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Energy giant Ineos is one of the largest operators in the North Sea Reuters

Chemicals giant Ineos has completed its acquisition of the Forties Pipeline System in the North Sea from BP for $250m (£188m).

The 235-mile pipeline system links 85 North Sea oil and gas assets to the UK mainland and to the Ineos site in Grangemouth, delivering almost 40% of the UK's North Sea oil and gas production.

It has an average daily throughput of 445,000 barrels of oil and some 3,500 tonnes of natural gas.

The deal also includes the Kinneil gas processing plant and oil terminal, the Dalmeny storage facility and sites at Aberdeen.

The assets, along with 300 personnel, have been transferred to Ineos FPS, a newly-formed business that is a part of Ineos.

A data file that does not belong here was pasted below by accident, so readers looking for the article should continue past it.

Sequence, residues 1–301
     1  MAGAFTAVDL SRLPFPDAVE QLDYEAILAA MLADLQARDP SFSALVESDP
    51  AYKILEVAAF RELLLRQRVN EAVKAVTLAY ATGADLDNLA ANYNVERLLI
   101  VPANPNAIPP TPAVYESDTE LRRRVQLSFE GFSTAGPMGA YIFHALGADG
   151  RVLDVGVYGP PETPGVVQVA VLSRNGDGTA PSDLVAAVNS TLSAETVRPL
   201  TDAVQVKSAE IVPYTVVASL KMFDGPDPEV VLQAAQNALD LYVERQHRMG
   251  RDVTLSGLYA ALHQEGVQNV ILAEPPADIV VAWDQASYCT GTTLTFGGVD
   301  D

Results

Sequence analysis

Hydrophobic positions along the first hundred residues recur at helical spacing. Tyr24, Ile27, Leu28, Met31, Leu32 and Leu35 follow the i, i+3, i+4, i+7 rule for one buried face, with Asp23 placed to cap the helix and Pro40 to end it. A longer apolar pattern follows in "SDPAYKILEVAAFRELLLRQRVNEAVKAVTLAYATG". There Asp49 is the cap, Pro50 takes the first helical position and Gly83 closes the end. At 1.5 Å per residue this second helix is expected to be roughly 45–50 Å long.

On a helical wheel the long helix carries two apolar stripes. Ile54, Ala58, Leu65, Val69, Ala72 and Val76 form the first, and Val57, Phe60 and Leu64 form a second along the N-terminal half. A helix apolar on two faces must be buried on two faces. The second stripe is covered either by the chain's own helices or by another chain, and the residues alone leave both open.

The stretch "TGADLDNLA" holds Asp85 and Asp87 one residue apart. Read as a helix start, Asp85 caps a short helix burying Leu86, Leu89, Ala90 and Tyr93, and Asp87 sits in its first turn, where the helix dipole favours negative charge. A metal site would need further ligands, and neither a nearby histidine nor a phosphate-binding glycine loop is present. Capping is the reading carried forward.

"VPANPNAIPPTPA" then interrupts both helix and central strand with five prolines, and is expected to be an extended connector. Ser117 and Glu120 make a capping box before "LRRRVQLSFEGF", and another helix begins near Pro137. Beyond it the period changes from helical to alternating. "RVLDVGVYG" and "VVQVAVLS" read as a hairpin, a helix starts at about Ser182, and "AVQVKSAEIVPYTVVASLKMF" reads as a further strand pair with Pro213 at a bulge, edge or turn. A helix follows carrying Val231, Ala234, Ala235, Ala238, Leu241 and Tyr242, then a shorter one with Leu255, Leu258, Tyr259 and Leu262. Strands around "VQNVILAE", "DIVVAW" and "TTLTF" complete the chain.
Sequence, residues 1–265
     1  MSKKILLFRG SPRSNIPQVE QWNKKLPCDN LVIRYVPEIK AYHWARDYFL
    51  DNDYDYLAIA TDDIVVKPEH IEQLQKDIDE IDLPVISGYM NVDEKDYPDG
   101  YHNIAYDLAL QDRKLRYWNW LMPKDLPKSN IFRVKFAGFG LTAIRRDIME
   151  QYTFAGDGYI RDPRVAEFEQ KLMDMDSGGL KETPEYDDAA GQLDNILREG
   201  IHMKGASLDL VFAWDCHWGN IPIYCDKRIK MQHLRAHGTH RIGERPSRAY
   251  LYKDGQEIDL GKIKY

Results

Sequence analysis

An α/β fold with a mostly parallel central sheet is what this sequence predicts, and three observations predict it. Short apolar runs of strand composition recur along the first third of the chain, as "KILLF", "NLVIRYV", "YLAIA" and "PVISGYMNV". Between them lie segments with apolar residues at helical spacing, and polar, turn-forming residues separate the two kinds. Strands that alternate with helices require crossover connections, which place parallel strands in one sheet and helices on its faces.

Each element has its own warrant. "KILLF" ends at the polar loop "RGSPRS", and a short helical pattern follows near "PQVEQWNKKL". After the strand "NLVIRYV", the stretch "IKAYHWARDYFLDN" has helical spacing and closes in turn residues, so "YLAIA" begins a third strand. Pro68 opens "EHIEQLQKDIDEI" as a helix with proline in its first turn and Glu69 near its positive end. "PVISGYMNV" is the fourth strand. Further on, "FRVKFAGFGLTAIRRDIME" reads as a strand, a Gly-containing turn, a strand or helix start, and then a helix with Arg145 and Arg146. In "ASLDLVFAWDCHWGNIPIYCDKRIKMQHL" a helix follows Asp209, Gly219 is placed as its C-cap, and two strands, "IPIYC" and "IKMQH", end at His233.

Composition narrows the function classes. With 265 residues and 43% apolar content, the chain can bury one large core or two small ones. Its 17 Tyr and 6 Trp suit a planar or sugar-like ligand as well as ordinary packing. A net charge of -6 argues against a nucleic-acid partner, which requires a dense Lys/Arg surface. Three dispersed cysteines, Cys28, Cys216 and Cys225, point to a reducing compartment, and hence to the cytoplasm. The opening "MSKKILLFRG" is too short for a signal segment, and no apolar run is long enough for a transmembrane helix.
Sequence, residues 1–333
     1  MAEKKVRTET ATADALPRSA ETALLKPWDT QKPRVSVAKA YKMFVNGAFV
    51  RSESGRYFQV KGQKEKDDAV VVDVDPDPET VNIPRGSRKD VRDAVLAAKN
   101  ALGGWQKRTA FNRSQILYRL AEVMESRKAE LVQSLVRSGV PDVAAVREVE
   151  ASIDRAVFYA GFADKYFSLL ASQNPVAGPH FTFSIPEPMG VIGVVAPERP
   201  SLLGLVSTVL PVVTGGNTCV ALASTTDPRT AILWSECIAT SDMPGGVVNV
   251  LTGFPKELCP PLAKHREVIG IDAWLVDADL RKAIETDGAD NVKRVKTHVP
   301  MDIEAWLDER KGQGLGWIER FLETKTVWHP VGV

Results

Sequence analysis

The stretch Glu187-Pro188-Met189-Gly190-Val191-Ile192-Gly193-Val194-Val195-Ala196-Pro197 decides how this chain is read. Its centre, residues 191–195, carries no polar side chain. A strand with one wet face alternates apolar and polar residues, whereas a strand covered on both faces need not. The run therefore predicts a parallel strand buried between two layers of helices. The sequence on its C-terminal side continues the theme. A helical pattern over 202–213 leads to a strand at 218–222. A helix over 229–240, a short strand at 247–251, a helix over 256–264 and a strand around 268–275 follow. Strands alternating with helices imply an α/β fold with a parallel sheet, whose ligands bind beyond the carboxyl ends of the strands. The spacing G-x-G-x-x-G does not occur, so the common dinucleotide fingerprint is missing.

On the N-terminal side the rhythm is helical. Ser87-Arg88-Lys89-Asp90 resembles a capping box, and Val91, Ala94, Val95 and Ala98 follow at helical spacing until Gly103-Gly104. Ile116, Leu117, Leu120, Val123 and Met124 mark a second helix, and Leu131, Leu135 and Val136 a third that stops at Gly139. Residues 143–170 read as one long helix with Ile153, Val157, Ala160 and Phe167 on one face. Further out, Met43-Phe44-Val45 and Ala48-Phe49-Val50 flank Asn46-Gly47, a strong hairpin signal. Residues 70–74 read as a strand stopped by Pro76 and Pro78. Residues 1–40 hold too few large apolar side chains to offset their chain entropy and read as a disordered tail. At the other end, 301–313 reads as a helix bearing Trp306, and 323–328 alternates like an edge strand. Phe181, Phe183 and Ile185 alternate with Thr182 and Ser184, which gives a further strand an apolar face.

Ineos FPS chief executive Andrew Gardner described the acquisition of the Forties Pipeline as "significant and strategic".

"The acquisition reunites North Sea and Grangemouth assets under Ineos ownership," he said.

"Ineos is now the only UK company with refinery and petrochemical assets directly integrated into the North Sea and this deal provides the platform to potential future offshore Ineos investments."

The Forties pipeline was opened in 1975 to transport oil from BP's Forties field in the North Sea – the UK's first major offshore oilfield.

BP sold its interests in the Forties field to Apache in 2003 and sold its Grangemouth refinery and plants to Ineos in 2005.